1995 OPEN FORUM Abstracts
Assessment Of Endotracheal Tube (Ett) Placement In Neonates Using A Fiberoptic Stylet
Thomas J. Kallstrom R.R.T. and Robert L. Chatburn R.R.T. Rainbow Babies and Childrens Hospital, Cleveland, OH.
This is a continuation of a pilot study (Respir Care 1994;39:1061) evaluating a lighted fiberoptic stylet (Infinity Fiberoptic Stylet, Fiberoptic Medical Products Inc.) for assessment of ETT placement. The purpose of the study was to determine if this alternative method could replace routine chest x-ray (CXR) assessment. METHOD: Intubated neonates in our NICU were entered into the study over a one year period (convenience sample). Within 60 minutes of CXR and before the results were known to the RCP an ETT placement evaluation was made using the lighted stylet. The tip of the stylet was advanced into the ETT to a pre-measured mark which placed it at the distal tip of the tube. If the light was visible through the skin at the suprasternal notch, the ETT was considered to be correctly placed. If the light was visible above the suprasternal notch, the ETT was judged to be too high and if the light disappeared after passing below the notch, the ETT was judged to be too low. The procedure lasted< = 10 seconds. SpO2 was measured before and after the procedure. Assessment of ETT placement using the fiberoptic stylet was evaluated with CXR as the standard (positive and negative predictive values).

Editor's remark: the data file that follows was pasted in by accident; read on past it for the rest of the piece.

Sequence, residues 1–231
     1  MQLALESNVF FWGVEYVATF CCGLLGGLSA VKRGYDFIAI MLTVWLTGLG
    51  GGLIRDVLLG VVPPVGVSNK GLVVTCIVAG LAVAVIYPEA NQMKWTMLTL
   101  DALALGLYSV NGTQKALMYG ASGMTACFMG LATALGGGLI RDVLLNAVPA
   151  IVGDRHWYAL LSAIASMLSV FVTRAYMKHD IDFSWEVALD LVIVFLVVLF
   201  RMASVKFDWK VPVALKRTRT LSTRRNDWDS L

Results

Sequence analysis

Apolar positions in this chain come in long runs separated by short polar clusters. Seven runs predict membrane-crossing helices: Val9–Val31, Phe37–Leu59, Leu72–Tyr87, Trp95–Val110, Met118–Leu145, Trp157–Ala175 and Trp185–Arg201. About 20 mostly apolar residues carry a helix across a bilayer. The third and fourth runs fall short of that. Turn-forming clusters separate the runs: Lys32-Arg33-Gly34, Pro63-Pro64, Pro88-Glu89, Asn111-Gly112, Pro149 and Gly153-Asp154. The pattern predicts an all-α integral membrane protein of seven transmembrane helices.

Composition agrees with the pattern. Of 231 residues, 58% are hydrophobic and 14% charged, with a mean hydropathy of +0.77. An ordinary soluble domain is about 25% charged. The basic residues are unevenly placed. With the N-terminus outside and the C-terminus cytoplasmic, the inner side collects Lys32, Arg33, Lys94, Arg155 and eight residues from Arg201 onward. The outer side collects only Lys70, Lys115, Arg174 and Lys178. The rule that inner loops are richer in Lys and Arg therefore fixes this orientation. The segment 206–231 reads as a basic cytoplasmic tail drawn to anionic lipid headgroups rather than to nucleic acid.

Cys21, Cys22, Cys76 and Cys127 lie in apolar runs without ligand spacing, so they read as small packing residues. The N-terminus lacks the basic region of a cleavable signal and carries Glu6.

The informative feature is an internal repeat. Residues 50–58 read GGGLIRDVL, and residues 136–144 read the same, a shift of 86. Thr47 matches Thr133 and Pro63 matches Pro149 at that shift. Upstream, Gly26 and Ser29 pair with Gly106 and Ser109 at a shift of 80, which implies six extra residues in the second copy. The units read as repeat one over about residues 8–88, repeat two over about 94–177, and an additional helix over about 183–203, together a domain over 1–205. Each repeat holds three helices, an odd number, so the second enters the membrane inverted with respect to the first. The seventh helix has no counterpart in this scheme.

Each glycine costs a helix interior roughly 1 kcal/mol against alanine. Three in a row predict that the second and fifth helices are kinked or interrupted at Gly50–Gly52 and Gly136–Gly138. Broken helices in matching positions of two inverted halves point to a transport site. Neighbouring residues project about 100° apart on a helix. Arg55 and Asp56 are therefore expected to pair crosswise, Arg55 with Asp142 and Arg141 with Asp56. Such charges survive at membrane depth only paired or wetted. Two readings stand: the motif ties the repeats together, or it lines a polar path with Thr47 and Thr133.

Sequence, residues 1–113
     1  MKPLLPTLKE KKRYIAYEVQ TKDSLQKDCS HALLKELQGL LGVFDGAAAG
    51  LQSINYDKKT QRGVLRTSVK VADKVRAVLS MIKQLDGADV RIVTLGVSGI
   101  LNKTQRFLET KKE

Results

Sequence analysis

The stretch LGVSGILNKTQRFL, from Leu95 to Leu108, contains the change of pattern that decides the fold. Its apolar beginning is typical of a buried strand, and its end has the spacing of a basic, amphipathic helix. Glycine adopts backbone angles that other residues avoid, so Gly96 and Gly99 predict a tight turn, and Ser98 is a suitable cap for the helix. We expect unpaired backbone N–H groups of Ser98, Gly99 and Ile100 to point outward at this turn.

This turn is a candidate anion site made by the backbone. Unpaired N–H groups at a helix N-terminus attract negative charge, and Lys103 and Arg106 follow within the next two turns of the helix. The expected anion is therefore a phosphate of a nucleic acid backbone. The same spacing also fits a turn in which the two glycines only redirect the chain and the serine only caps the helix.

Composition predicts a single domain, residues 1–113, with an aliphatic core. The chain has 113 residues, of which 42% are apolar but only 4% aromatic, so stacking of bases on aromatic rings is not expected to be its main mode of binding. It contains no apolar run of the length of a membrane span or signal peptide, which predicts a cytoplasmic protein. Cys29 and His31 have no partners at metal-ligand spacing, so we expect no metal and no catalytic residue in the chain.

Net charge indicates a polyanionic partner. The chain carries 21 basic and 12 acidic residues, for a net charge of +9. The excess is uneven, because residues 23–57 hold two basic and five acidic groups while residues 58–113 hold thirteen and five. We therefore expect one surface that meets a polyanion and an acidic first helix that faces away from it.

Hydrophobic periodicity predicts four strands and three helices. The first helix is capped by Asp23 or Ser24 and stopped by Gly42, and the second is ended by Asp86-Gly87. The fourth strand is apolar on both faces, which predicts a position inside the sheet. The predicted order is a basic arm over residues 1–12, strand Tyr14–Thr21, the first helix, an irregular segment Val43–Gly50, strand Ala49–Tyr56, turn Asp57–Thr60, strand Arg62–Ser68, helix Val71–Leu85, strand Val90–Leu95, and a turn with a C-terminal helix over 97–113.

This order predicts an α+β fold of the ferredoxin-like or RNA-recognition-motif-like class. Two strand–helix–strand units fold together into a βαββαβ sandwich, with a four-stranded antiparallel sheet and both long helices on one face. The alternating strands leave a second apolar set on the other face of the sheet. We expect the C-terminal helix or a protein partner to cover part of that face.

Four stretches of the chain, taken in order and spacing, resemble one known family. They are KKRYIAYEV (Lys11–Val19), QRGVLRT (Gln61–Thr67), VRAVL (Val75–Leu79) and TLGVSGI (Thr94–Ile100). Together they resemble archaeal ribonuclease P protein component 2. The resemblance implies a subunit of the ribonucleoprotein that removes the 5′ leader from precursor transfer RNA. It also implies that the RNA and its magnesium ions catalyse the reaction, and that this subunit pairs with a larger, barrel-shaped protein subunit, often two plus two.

Results: Data for 93 patients were collected by 16 RCPs. Weight range: 430-4100 grams; ETT size: 2.5-3.5 mm ID; age: 10 minutes to 2 months. Fifty patients were Caucasian, 37 were not, and 8 were unknown. Data analysis is illustrated in the figure below. Seventy eight out of 93 (84%) assessments agreed with the CXR. The positive predictive value of fiberoptic assessment was 86%; negative predictive value was 75%. Mean SpO2 before and after procedure were identical. There was no indication that the fiberoptic assessment errors were made more frequently by specific RCPs. The assessment error occurred randomly over time indicating no learning curve effect. Errors in assessment linked to race or weight were not evident. The average weight of correctly assessed infants was 1,726g vs 1573g for the group incorrectly assessed. ETT size distribution for correctly assessed patients was 2.5mm: 29%, 3.0mm: 50%, 3.5mm: 21% vs 2.5mm: 24%, 3.0mm: 56%, 3.5mm: 18% for incorrectly assessed patients. EXPERIENCE: The lighted stylet is a portable and convenient tool. It can be used by the RCP without the delay that waiting for a CXR may take. CONCLUSION: The stylet does not appear to be accurate enough at determining ETT position to replace CXR, particularly since confirming proper placement is not as desirable as identifying improper placement. No clear subset of the population could be identified for which negative predictive value was acceptable. The resolution of assessment seems no better than 1 cm, which is relatively large compared to the length of the trachea for this population of infants. This observation may explain our findings.
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